As soon as the appointment of the new Diocesan Bishop of the Diocese of Sabah was officially announced sometime in February this year, I received numerous calls and text messages congratulating me as well as asking me of my feelings and plans for the Diocese. While thanking and appreciating their kind congratulatory messages, I told them honestly that there were no extraordinary feelings in my heart, neither have I got plans for the Diocese. What mattered to me the most at that point of time was the need for me to be still before the Lord and to listen to Him. It was not about my (human) plans for the Diocese that mattered, rather God’s intended plan and purpose that He wanted me to fulfill during the season of my leadership in the Diocese. So my visit to the Holy Land towards the end of March this year was very timely. While in the Holy Land, the Lord impressed upon my heart as I was praying upon these five words: SHEPHERD, LOVE, HUMILITY, CROSS, CROWN.
It was a noticeable fact that under the leadership of my immediate predecessor, our Diocese had recorded tremendous growth numerically as well as financially; especially in the interior churches, where more man-power were added, more churches were planted both in Sabah and outside of Sabah; church-owned private schools were established, and we were actively involved in community works through the Diocesan Welfare and Relief Board both in Sabah as well as outside of Sabah.
Unfortunately, in spite of the growth mentioned above, as a Diocese we went through a very hard, painful and damaging journey for the past three or four years; a journey I believe we created ourselves. As I reflected on the life and ministry of the Diocese for the past few years, the Lord brought into my mind the church of Ephesus in the book of Revelation in which the Lord had this to say:
I know your deeds, your hard work and your perseverance. I know that you cannot tolerate wicked people, that you have tested those who claim to be apostles but are not, and have found them false. You have persevered and have endured hardships for my name, and have not grown weary. Yet I hold this against you: You have forsaken the love you had at first. Consider how far you have fallen! Repent and do the things you did at first. If you do not repent, I will come to you and remove your lamp stand from it place.
It cannot be denied that we have been very zealous and active in doing the work of the Lord to achieve a certain level of growth in the Diocese. So much more emphasis was placed on the doing (performance and productivity) rather than the being. No doubt we are to perform and not to be lazy. However our performance must be built on a solid foundation, and Jesus is our foundation. The apostle Paul writing to the Corinthian Church said, “For no one can lay any foundation other than the one already laid, which is Jesus Christ.” (1 Corinthians 3:11). This leads me to the words of Jesus in Matthew 4:19 “Come, follow me, and I will send you out to fish for people.” Let me share with you what Jesus’ call means to me.
First, it is a call to personal relationship with the Lord Jesus. Christianity is not merely about religion, rather it is about our personal relationship with the Creator, Lord and Saviour Jesus Christ. It is therefore imperative for us to come to Jesus in faith and accept Him as Lord and Saviour, and to walk with Him closely each day. It is possible to be very zealous and active doing the work of the Lord yet neglecting our intimacy with the Lord whom we serve. Our personal relationship with the Lord must be based on and motivated by our love for Him. In John chapter 15, we read that Jesus is the true vine and we are the branches. Apart from Him we cannot bear much fruit. We are to remain in Him. It is important, therefore, to develop a discipline of spending qualitative time with the Lord each day through prayers and meditation of His word.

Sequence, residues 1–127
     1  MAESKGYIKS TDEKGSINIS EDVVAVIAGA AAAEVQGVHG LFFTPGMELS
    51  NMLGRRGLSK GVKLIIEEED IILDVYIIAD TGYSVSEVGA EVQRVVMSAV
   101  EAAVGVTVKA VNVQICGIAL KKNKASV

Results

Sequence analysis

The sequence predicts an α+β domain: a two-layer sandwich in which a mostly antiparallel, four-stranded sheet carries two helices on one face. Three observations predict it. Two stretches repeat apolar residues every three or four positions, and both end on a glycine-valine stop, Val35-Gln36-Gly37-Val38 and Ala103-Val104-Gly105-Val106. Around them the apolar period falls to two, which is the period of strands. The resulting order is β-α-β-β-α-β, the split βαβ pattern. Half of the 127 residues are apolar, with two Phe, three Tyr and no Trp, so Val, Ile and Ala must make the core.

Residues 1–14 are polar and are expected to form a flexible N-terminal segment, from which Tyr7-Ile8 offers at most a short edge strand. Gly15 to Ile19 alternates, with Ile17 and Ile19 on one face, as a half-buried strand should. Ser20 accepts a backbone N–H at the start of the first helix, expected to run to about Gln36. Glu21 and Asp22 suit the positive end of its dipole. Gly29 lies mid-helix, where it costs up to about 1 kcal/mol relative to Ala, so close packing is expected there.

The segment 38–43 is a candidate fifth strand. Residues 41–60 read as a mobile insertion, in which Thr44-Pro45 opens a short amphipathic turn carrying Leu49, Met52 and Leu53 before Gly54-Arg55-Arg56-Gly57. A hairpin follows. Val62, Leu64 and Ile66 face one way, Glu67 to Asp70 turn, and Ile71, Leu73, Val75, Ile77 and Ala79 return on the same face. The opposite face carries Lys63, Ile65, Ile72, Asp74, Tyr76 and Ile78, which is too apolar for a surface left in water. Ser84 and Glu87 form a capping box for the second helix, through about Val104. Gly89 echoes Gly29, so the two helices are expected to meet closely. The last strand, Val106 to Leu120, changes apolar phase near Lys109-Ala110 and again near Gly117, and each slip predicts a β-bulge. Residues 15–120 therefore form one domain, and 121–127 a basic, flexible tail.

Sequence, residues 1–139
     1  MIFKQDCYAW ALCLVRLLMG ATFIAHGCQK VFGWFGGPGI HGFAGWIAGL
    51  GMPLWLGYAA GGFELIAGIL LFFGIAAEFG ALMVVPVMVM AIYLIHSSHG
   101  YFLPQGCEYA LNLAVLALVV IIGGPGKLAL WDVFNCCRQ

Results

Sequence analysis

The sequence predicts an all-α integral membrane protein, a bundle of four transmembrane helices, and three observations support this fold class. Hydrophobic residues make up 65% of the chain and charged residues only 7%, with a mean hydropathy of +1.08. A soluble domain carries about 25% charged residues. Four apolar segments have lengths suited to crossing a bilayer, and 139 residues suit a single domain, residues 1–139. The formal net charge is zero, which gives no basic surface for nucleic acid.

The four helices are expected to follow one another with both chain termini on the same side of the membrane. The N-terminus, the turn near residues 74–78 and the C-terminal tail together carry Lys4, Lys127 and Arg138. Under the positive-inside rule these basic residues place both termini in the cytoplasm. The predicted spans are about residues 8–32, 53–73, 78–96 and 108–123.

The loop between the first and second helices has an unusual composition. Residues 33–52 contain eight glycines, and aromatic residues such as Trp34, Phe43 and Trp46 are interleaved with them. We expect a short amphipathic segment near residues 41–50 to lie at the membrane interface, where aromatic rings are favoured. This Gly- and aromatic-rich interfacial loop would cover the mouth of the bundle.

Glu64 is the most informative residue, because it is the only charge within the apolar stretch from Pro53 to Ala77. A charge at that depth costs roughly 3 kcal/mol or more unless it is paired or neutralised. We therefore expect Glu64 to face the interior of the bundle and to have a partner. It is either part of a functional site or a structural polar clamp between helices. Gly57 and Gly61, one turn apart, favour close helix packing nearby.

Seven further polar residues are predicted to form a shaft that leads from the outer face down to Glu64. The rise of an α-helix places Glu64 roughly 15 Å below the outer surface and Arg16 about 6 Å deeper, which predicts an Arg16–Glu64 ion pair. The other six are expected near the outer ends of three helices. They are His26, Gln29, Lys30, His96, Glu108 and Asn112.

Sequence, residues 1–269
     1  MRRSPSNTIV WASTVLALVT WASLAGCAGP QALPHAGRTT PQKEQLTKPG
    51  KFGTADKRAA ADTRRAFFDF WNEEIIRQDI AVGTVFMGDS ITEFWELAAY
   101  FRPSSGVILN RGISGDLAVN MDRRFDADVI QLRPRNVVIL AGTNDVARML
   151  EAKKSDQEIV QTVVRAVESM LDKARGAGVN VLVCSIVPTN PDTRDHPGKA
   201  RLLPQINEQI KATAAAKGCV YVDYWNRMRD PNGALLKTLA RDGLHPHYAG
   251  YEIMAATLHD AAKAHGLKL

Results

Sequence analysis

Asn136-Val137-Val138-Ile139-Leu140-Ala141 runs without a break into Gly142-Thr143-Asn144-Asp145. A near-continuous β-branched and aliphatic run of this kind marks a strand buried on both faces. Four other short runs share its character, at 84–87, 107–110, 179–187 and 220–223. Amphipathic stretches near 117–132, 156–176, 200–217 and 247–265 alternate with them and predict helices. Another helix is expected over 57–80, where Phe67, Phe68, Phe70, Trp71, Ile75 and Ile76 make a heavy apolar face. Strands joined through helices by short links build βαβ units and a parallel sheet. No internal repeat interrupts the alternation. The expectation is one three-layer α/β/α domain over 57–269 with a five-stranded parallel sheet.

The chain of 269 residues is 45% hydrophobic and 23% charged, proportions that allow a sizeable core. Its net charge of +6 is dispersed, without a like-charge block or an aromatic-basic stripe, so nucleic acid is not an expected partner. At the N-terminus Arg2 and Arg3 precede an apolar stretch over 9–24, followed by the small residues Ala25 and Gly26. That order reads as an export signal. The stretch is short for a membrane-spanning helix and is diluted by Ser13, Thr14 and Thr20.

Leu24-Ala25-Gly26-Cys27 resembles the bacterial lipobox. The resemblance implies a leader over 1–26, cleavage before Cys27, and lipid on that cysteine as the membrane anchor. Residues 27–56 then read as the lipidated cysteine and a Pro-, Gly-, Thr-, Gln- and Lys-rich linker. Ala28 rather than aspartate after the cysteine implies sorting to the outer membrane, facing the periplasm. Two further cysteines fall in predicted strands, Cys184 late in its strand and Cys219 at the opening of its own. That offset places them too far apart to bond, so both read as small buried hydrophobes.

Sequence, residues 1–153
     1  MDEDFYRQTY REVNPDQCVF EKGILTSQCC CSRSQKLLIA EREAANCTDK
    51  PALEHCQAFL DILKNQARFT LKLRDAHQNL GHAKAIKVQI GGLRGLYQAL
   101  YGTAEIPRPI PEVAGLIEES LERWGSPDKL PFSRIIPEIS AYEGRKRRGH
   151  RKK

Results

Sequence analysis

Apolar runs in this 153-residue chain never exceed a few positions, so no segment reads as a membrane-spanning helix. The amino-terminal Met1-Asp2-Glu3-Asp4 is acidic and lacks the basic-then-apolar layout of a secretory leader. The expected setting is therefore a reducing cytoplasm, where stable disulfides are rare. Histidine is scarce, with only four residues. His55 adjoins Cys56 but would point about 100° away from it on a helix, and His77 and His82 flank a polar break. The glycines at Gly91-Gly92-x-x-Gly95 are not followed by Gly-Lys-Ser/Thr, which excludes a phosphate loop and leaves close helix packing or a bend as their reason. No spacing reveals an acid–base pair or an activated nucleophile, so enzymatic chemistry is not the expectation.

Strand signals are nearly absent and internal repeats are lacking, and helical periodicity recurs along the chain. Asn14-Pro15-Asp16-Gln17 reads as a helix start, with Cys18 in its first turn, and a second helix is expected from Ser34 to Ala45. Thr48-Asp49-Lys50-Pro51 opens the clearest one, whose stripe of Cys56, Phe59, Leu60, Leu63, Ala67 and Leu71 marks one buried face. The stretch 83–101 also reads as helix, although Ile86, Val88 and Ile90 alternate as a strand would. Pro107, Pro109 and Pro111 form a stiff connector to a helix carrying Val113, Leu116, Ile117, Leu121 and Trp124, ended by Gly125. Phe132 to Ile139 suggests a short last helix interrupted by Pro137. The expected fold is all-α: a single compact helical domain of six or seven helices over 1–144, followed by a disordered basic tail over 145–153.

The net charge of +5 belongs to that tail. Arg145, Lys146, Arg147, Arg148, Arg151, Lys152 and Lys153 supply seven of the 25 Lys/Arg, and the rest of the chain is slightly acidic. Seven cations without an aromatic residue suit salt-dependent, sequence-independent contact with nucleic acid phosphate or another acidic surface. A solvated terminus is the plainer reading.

Second, it is a call to be a disciple. A disciple is someone who learns. Jesus called His twelve disciples so that they could learn from Him by observing His life, listening to His teachings, watching Him performing His ministry and obeying Him. Likewise Jesus calls us to follow Him so that we not only establish personal relationship with Him but also to learn from Him. As disciples, it is imperative for us to be diligent in the study, observance and teaching of the Word of God, just like Ezra (Ezra 7:10).
Third, it is a call to transformation. First, this transformation deals with the change of the heart, the inner being of a person (character) whereby we become more and more like Jesus each day in our thoughts, emotions, words and deeds. Second, it deals with the transformation of our perception about vocation. Not all are called to be priests, pastors and evangelists. Some are called to be doctors, lawyers, engineers, architects, teachers, etc. Whatever professions the Lord has put us into, if our perception about vocation is transformed, we will live out our Christian life and witness to fulfill our common vocation assigned by Jesus, that is to ‘fish for people.’
As a new Diocesan Bishop, I wish to call all clergy, pastors, evangelists, local leaders and members of our respective churches throughout the Diocese to be reminded afresh of Jesus’ call, “Come, follow me” as we seek to move forward to fulfill God’s intended plan and purpose for our Diocese in this new season of leadership.